Low-Volume High-Intensity Interval Training Versus Moderate-Intensity Continuous Training on Body Composition, Cardiometabolic Profile, and Physical Capacity in Older Women

in Journal of Aging and Physical Activity
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Objectives: To compare the effect of low-volume high-intensity interval training (HIIT) with moderate-intensity continuous training (MICT) on fat mass, cardiometabolic profile, and physical capacity, and confirm its feasibility in older women. Methods: Inactive older women (60–75 years) were randomly assigned to 8 weeks of either HIIT (75 min/week; n = 9) or MICT (150 min/week; n = 9). Body composition, fasting metabolic profile, cardiovascular risk (Framingham score), and physical capacity (senior fitness test, peak oxygen uptake) were assessed before and after the intervention. Feasibility was evaluated with completion rate (training compliance; dropout rate) and affective response (Feeling Scale; pre- and postexercise). Results: Total cholesterol level, non-high-density lipoprotein cholesterol level, and the Framingham risk score decreased in both groups (ps ≤ .03). Although peak oxygen uptake remained unchanged, the 6-min walk test distance increased (p < .0001), irrespective of the group. Completion rate and affective responses were not different between groups (ps ≥ .38). Conclusion: A short-term HIIT program is feasible and provides as much benefits as MICT in older women.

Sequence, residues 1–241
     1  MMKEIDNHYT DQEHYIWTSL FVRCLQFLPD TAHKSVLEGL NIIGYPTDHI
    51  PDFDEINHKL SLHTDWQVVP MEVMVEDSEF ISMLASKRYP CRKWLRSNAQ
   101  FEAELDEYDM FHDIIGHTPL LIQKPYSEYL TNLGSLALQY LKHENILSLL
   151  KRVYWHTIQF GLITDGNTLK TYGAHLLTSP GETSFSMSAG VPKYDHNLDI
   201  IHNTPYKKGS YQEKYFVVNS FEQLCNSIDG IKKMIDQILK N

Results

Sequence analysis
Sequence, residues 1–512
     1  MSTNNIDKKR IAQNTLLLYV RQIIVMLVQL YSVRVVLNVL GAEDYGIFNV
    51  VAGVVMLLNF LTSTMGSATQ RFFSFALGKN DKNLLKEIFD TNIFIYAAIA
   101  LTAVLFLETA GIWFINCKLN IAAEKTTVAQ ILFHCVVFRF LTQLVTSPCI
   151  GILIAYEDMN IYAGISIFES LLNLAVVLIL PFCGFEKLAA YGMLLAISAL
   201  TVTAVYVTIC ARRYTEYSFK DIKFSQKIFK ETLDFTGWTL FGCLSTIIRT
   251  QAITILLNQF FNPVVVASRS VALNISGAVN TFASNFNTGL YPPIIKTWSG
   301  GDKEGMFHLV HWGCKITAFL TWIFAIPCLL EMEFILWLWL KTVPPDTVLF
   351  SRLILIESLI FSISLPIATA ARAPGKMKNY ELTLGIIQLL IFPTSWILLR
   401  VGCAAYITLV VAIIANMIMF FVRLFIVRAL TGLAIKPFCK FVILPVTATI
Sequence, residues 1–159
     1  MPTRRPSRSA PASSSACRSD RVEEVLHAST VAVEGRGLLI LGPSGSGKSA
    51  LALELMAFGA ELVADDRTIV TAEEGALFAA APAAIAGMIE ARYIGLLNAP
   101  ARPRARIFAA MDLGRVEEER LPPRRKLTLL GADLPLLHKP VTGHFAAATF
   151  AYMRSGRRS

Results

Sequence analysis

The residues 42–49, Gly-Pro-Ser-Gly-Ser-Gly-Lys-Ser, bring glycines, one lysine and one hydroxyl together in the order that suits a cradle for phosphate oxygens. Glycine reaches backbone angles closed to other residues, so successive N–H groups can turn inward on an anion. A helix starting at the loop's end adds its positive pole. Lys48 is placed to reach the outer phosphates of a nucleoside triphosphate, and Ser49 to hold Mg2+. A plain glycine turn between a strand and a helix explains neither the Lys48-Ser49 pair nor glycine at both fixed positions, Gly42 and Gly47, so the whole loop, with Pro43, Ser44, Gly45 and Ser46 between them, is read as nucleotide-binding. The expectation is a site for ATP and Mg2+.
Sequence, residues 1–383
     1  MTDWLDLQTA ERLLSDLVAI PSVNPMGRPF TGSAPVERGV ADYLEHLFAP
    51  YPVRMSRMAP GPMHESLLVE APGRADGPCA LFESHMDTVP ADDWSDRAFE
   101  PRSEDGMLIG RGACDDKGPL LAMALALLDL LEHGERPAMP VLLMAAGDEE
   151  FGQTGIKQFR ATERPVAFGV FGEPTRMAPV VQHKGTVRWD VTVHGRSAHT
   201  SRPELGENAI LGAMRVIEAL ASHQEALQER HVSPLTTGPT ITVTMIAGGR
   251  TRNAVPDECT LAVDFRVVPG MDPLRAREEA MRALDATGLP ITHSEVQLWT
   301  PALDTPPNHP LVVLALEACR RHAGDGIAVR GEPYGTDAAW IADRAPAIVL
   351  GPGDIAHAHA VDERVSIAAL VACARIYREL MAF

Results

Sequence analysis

Boukabous, Marcotte-Chénard, Amamou, Boulay, Brochu, Dionne, and Riesco are with the Faculty of Physical Activity Sciences, University of Sherbrooke, Sherbrooke, Quebec, Canada. Boukabous, Marcotte-Chénard, Amamou, Brochu, Tessier, Dionne, and Riesco are with the Research Center on Aging, CIUSSS de l’Estrie–CHUS, Sherbrooke, Quebec, Canada. Tessier is also with the Faculty of Medicine and Health Sciences, University of Sherbrooke, Sherbrooke, Quebec, Canada.

Riesco (E.Riesco@USherbrooke.ca) is corresponding author.
Journal of Aging and Physical Activity
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